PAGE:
Know Ohio: Thanksgiving Special

When I think about Thanksgiving, I think about turkey, football, family, Mom’s green bean casserole – oh, and the pilgrims & Indians, of course! This is because the first Thanksgiving dates back to 1621 in present-day Massachusetts, when one of the first groups of English settlers and their Native American allies, celebrated a bountiful harvest with a series of feasts.

But when we say Native Americans, we’re not talking about one uniform culture. We’re actually talking about a diverse group of tribes and civilizations scattered throughout the present-day United States – including Ohio. In fact, many of the names of Ohio’s cities, lakes, rivers, and landmarks, are traced back to the Native Americans that lived here.

The word Ohio itself actually comes from the Iroquois Indians. In the1600’s Iroquois Nation was a powerful civilization made up of 5 different tribes. They were conquerors, who spread across present-day New York, Pennsylvania, and eventually pushed their way the rich Ohio Valley. They called the river that separates Ohio and Kentucky the Ohi-yo, which means roughly “great creek” – and our state took its name from there.

It was also the Iroquois that named the Cuyahoga River in Cleveland. In the Iroquois language, “Cuya-hoga” means “crooked river.” And, given the way it winds through Cleveland, that’s a pretty accurate description if you ask me.

Southwestern Ohio is home to the prestigious Miami University – and two large rivers, the Great Miami, and the Little Miami. All take their name from the Miami people, a group of tribes that migrated south into Ohio in about the 1700’s. The Miami civilization spread across portions of Ohio, Indiana, and Michigan. They spoke Algonquin, and grew maize – or corn. After a series of wars led by Chief Little Turtle, the Miami people were eventually forced out of Ohio by European settlers.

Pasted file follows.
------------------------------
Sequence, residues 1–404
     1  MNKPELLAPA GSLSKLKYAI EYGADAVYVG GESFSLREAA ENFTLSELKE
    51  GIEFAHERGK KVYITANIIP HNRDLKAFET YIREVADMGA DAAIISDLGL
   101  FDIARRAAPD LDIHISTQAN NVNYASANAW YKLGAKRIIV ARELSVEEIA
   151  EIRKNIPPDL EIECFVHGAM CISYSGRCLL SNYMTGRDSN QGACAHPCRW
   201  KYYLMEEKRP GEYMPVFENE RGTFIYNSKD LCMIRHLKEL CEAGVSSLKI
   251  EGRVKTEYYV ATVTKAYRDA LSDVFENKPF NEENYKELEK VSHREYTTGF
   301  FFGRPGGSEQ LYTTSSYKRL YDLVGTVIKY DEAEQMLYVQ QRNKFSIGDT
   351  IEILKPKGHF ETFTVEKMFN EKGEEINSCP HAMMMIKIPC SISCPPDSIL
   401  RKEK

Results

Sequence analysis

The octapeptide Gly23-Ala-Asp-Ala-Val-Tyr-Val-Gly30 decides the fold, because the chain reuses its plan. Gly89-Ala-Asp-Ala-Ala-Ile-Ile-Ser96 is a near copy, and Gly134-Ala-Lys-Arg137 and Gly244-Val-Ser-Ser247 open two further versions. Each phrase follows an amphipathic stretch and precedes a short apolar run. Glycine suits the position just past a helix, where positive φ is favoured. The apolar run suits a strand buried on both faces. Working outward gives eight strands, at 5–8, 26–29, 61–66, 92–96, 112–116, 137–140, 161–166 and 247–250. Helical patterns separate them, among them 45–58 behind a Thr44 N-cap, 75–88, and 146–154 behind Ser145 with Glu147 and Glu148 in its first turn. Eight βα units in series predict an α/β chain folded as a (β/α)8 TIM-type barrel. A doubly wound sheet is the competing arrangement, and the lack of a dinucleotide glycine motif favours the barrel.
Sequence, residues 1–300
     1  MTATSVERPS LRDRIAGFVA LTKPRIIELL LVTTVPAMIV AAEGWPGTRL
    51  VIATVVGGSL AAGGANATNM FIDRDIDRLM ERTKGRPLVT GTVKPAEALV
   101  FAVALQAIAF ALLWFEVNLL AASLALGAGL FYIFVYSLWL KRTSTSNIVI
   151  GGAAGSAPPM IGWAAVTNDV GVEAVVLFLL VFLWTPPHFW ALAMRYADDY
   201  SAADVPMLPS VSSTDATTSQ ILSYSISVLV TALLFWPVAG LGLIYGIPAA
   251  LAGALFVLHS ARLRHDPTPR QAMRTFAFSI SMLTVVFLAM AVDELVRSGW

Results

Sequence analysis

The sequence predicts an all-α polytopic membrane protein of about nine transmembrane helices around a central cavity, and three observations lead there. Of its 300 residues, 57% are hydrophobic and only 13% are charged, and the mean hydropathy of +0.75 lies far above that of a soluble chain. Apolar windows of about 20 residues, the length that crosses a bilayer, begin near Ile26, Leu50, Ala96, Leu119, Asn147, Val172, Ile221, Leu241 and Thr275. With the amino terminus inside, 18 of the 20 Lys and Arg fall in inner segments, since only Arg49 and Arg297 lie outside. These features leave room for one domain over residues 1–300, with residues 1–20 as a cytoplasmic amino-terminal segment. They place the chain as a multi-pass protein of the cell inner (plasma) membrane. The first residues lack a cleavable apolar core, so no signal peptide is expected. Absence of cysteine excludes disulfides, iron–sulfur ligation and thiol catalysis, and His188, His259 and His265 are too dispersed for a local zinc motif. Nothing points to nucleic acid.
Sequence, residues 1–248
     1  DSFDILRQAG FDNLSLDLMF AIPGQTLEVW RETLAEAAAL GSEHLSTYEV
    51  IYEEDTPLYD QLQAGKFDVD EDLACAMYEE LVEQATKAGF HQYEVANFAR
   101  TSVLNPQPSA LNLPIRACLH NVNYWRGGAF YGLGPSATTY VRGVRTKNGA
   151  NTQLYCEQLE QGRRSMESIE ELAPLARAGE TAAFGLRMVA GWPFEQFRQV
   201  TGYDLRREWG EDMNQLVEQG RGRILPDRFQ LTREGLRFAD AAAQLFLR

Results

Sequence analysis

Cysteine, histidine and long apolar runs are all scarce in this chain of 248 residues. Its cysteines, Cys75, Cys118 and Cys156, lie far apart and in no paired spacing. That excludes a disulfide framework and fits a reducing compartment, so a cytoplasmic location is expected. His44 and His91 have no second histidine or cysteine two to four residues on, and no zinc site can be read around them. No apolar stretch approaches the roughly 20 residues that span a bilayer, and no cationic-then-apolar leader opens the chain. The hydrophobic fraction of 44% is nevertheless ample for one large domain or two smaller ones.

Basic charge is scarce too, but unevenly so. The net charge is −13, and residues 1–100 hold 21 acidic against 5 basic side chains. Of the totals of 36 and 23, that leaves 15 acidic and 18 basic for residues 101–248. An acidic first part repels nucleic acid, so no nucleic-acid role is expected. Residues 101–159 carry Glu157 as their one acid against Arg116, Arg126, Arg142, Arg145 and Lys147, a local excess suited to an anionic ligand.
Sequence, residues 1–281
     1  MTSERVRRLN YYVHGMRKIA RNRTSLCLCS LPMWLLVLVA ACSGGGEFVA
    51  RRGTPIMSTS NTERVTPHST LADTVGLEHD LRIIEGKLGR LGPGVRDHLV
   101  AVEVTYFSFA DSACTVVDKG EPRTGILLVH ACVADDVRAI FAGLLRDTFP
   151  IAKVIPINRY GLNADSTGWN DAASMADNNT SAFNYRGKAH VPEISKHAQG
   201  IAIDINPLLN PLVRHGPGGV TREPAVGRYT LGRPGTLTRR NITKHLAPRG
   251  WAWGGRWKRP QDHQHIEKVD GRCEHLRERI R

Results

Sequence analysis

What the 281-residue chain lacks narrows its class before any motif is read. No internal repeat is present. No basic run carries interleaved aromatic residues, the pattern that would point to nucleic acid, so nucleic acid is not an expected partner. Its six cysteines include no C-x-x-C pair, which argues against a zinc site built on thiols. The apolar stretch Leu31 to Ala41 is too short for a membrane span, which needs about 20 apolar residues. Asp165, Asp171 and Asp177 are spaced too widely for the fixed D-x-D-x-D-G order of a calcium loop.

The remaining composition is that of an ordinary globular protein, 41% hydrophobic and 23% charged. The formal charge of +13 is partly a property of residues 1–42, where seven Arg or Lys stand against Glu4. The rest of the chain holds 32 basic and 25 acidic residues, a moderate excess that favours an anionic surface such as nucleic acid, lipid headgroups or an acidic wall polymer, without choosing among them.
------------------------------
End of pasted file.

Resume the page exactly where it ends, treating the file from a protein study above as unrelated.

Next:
The Miami people were allied with the Shawnee Indians – and it’s this tribe that gave the city Piqua, Ohio its name. To the Shawnee, Piqua, or “pekowi” means “a man coming out of the ashes,” which is part of this tribe’s creation myth that says man was born out of the smoke and ashes from an ancient fire.

The Shawnee are also responsible for one of my personal favorite city names: Chillicothe! It’s so fun to say – and it’s derived from the Shawnee word Chalah-gaw-tha, which means principal place…because Chillicothe was where the Shawnee tribe leadership lived.

There are many more interesting Native Ohio civilizations that shaped our state – but, of course, none of these Native people were present at the first Thanksgiving. The tribe the pilgrims shared their meal with was the Wampanoag tribe, who lived in present-day Massachusetts and Rhode Island. But, if you’re doing any travel this Thanksgiving, keep an eye out for some of Ohio’s most interesting names – they’re often reminders of our Native past.     

Instructional Links

Website Article: Wikipedia, List of place names in the United States of Native American origin, Ohio

https://en.wikipedia.org/wiki/List_of_place_names_in_the_United_States_of_Native_American_origin#Ohio

Website: The White House Historical Association, Pardoning the Thanksgiving Turkey

http://www.whitehousehistory.org/pardoning-the-thanksgiving-turkey

Magazine Article: "The Turkey We Saved from Thanksgiving," Cricket. Nov/Dec2015

http://web.a.ebscohost.com/ehk5/pdfviewer/pdfviewer?sid=a3913b37-d6f4-4817-93af-40a44367b1cb%40sessionmgr4002&vid=2&hid=4207

May Need Password

Website Article: Wonderopolis, Why Do We Eat Turkey on Thanksgiving?

http://wonderopolis.org/wonder/why-do-we-eat-turkey-on-thanksgiving/

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